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2023 HSR&D/QUERI National Conference Abstract

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4122 — Variation in Clinical Characteristics and Longitudinal Outcomes in Individuals with Opioid Use Disorder Diagnosis Codes

Lead/Presenter: Victoria Powell,  COIN - Ann Arbor
All Authors: Powell VD (Geriatrics Research, Education, and Clinical Center, Ann Arbor VA; Division of Geriatric and Palliative Medicine, University of Michigan), Macleod C (Division of General Medicine, University of Michigan, Ann Arbor, MI); Sussman J (VA Center for Clinical Management Research (CCMR), VA Ann Arbor Healthcare System, Ann Arbor MI, Division of General Medicine, University of Michigan, Ann Arbor, MI); Lin LA (VA Center for Clinical Management Research (CCMR), VA Ann Arbor Healthcare System, Ann Arbor MI; Addiction Center, Department of Psychiatry, University of Michigan, Ann Arbor, MI); Bohnert ASB (VA Center for Clinical Management Research (CCMR), VA Ann Arbor Healthcare System, Ann Arbor MI; Department of Anesthesiology, University of Michigan, Ann Arbor, MI); Lagisetty P ((VA Center for Clinical Management Research (CCMR), VA Ann Arbor Healthcare System, Ann Arbor MI, Division of General Medicine, University of Michigan, Ann Arbor, MI)

Objectives:
Patterns of opioid use vary, including prescribed use without aberrancy, limited aberrant use, and potential opioid use disorder (OUD). In clinical practice, similar opioid-related International Classification of Disease (ICD) codes are applied across this spectrum, limiting understanding of how groups vary by sociodemographic factors, comorbidities, and long-term risks. This study aimed to 1) Examine how Veterans assigned opioid abuse/dependence ICD codes vary at diagnosis and with respect to long-term risks. 2) Determine whether those with limited aberrant use share more similarities to likely OUD vs those using opioids as prescribed.

Methods:
This was a longitudinal observational cohort study of a national sample of Veterans categorized as having: (1) likely OUD (2) limited aberrant opioid use or (3) prescribed, non-aberrant use based upon enhanced medical chart review. We compared sociodemographic and clinical factors at diagnosis and rates of age-adjusted mortality, non-fatal opioid overdose, and hospitalization after diagnosis. An exploratory machine learning analysis investigated how closely those with limited aberrant use resembled those with likely OUD.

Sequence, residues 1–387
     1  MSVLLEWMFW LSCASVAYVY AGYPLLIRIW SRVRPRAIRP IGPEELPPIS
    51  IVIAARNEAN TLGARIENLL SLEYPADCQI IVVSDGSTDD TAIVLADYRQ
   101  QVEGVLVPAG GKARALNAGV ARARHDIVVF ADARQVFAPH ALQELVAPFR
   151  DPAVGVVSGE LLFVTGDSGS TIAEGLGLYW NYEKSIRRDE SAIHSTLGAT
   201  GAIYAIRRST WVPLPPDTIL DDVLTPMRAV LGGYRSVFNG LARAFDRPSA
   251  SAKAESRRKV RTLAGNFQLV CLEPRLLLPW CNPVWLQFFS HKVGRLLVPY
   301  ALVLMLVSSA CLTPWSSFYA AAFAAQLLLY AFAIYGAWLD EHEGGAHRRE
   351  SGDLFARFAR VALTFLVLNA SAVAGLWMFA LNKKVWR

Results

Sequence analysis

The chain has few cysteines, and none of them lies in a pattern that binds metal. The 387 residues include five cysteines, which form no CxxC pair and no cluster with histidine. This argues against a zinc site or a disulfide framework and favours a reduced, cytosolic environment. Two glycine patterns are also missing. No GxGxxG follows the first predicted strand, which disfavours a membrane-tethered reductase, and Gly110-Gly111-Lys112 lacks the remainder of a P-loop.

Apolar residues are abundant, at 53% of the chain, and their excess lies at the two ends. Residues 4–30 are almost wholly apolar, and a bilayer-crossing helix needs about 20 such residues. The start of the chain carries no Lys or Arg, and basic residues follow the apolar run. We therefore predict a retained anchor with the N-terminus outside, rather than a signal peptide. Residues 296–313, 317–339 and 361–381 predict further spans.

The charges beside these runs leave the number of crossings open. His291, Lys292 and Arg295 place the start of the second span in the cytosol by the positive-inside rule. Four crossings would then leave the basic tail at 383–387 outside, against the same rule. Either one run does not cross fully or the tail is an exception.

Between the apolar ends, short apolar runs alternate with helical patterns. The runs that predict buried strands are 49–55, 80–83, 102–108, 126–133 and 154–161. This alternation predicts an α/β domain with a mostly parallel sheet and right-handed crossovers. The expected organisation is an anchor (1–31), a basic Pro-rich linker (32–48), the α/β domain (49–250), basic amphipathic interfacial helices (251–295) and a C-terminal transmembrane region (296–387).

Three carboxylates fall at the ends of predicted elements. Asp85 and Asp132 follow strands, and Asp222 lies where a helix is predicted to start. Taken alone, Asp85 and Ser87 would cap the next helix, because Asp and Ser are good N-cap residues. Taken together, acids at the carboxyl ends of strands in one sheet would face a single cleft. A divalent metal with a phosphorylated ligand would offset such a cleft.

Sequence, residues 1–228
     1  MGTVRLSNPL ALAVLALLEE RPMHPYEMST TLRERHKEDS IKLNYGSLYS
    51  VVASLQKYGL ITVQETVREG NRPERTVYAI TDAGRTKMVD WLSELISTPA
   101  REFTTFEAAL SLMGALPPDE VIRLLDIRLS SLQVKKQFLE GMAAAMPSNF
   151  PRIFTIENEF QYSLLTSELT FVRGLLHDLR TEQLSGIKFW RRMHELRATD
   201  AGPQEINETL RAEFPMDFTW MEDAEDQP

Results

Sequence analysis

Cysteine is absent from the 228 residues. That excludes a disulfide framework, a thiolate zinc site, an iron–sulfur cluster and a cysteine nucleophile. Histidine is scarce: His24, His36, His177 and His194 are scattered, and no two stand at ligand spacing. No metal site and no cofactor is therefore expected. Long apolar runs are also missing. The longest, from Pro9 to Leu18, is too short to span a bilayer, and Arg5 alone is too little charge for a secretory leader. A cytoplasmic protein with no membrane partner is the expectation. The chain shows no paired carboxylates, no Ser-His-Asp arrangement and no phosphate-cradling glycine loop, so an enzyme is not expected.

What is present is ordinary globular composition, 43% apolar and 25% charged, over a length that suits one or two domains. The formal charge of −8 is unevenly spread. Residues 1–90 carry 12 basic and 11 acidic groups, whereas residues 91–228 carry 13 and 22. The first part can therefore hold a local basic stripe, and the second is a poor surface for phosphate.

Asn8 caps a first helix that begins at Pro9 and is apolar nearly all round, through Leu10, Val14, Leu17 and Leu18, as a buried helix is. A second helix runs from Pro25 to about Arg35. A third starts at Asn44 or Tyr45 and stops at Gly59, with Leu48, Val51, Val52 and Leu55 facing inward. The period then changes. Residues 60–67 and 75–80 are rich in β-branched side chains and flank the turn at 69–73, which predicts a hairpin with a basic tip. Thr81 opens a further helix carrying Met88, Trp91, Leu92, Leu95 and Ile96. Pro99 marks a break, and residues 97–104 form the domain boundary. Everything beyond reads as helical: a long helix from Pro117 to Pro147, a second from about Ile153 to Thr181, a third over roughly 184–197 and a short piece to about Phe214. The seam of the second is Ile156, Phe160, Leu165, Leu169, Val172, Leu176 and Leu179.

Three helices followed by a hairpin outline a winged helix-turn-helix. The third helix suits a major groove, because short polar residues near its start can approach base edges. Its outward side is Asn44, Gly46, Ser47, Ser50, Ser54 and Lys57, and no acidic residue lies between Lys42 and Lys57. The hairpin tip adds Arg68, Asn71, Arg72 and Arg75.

Results:
Veterans (n = 483) were categorized as likely OUD (62.1%), limited aberrant use (17.8%), and prescribed, non-aberrant use (20.1%). Age, proportion experiencing homelessness, chronic pain, anxiety disorders, and non-opioid substance use disorders differed by group. All-cause mortality was high (44.2 per 1,000 person-years (95% CI 33.9, 56.7)). Hospitalization rates per 1,000 person-years were highest in the likely OUD group (831.5 (95% CI 771.0, 895.5)), compared to limited aberrant use (739.8 (95% CI 637.1, 854.4)), and prescribed, non-aberrant use (411.9 (95% CI 342.6, 490.4). The exploratory analysis reclassified 29.1% of those with limited aberrant use as having likely OUD with high confidence.

Implications:
Veterans assigned opioid abuse/dependence ICD codes are heterogeneous and face variable long-term risks. Limited aberrant use confers increased risk compared to no aberrant use, and some may already have OUD. Findings warrant future investigation of this understudied population.

Impacts:
Veterans assigned an OUD diagnosis code in medical records are highly heterogeneous. Overall, they face higher risks of all-cause mortality and hospitalization than general population samples of similar age. To our knowledge, this study provides the first estimate of how these outcomes differ when individuals with OUD-related ICD codes are grouped according to OUD likelihood. Those categorized as likely OUD were at the highest risk, followed by those with limited aberrant use; those with prescribed, non-aberrant use had the lowest risk. Preliminary analyses focusing on individuals with limited aberrant opioid use suggested approximately one-third share many features of OUD. These findings suggest that a simple binary classification of patients prescribed opioids for chronic pain and those with OUD is an over-simplification of the opioid use spectrum. While some with limited aberrant behaviors may have emerging or mild OUD, others may be experiencing a complex, dynamic relationship between chronic pain and opioid dependence, warranting further investigation into different treatment approaches.